When thou saidst, Seek ye my face, etc. All the Spirit’s motions are seasonable, and therefore not to be put off; for delay is a kind of denial, and savours of such ungrateful contempt, as must needs be very displeasing to him. When thou saidst, Seek ye my face; my heart said unto thee, Thy face, Lord, will I seek. God does not only expect such an answer, but expects it immediately upon his call. Whenever he blows with his wind, he looks that we should spread our sails. If we refuse his offered help, we may deservedly want it when desired. As Christ withdrew himself from the spouse because she let him stand knocking so long at the door of her heart, and she still deferred to open, and tired out his loving forbearance with vain and frivolous excuses. Song of Songs 5:2, etc. But as we must not omit the present performance of any duty which he excites unto, we must not check his influences by being weary of the duties which he assists us in: if we do not improve extraordinary aids by holding out the longer, we provoke him to depart. Timothy Cruso.
When thou saidst, Seek ye my face, etc. We see here thus much, that God must begin with us, before we can close with him; God must seek us, before we can seek him; God must first desire that we draw near to him, before we for our particulars are able to draw near unto God. Thou saidst, Seek my face; and then and not till then my heart said, Thy face, Lord, will I seek. Thomas Horton.
When thou saidst, etc. Now God then speaks to the heart to pray when not only he puts upon the duty by saying to the conscience, This thou oughtest to do; but God’s speaking to pray is such as his speech at first was, when he made the world, when he said, “Let there be light, and there was light:” so he says, let there be a prayer, and there is a prayer; that is, he pours upon a man a spirit of grace and supplication, a praying disposition; he puts in motives, suggests arguments and pleas to God; all which you shall find come in readily, and of themselves, and that likewise with a quickening heat and enlargement of affection, and with a lingering and longing, and restlessness of spirit to be alone, to pour out the soul to God, and to vent and form those motions and suggestions into a prayer, till you have laid them together, and made a prayer of them. And this is a speaking to the heart. Observe such times when God doth thus, and neglect them not, then to strike whilst the iron is hot; thou hast then his ear; it is a special opportunity for that business, such a one as thou mayest never have the like. Suitors at court observe molissima fandi tempora, their times of begging when they have kings in a good mood, which they will be sure to take the advantage of; but especially if they should find that the king himself should begin of himself to speak of the business which they would have of him: and thus that phrase of Psalms 10:17, that God prepares the heart, is understood by some, that God prepares the heart, and causeth the ear to hear; that is, he fashions it and composes it into a praying frame. And sure it is a great sign that God means to hear us when himself shall thus indite the petition. Thomas Goodwin.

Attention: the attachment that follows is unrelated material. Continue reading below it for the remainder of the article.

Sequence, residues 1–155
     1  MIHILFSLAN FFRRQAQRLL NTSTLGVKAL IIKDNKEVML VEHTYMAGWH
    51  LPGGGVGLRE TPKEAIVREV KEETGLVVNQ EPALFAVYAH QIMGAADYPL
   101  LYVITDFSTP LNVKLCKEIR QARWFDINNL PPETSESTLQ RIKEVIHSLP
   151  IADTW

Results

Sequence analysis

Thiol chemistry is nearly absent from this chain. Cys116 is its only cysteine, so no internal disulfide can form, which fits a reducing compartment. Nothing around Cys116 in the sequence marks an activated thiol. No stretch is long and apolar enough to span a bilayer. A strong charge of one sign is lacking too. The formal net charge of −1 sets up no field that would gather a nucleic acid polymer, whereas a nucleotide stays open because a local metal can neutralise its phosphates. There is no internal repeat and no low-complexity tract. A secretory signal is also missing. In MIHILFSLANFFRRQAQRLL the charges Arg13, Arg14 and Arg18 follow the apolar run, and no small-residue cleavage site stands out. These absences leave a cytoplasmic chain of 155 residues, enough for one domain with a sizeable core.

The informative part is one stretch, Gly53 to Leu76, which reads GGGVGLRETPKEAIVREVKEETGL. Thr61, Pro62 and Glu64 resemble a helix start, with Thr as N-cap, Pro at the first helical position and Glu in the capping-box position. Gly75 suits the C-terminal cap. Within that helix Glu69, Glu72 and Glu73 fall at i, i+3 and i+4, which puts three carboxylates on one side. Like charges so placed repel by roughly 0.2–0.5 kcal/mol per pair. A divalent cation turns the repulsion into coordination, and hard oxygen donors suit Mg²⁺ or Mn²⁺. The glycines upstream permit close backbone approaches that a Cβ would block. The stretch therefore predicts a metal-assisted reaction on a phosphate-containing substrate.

When thou saidst, etc. And well may this be pleaded, in that God useth not so to stir up and strengthen us to seek him, but when he intends to be found of us. Psalms 10:17. “Thou hast heard the desire of the humble: thou wilt prepare their heart, thou wilt cause thine ear to hear.” Jeremiah 29:13. “And ye shall seek me, and find me, when ye shall search for me with all your heart.” And God maketh it an argument to himself, that if he say to any inwardly as well as outwardly, Seek my face, he that speaketh righteousness cannot speak thus to them, and frustrate their prayers, and so bid them seek his face in vain. Isaiah 45:19, “I said not unto the seed of Jacob, Seek ye me in vain; I the Lord speak right things.” If Ahasuerus bid his spouse to ask, surely he will not fail to grant her petition Esther 7:2; so here. And as when Christ called the blind man to come to him to tell him his grievance, it was truly said to him by them, “Be of good comfort, rise, for he calleth thee.” Mark 10:49. So it is in this case.—Thomas Cobbett.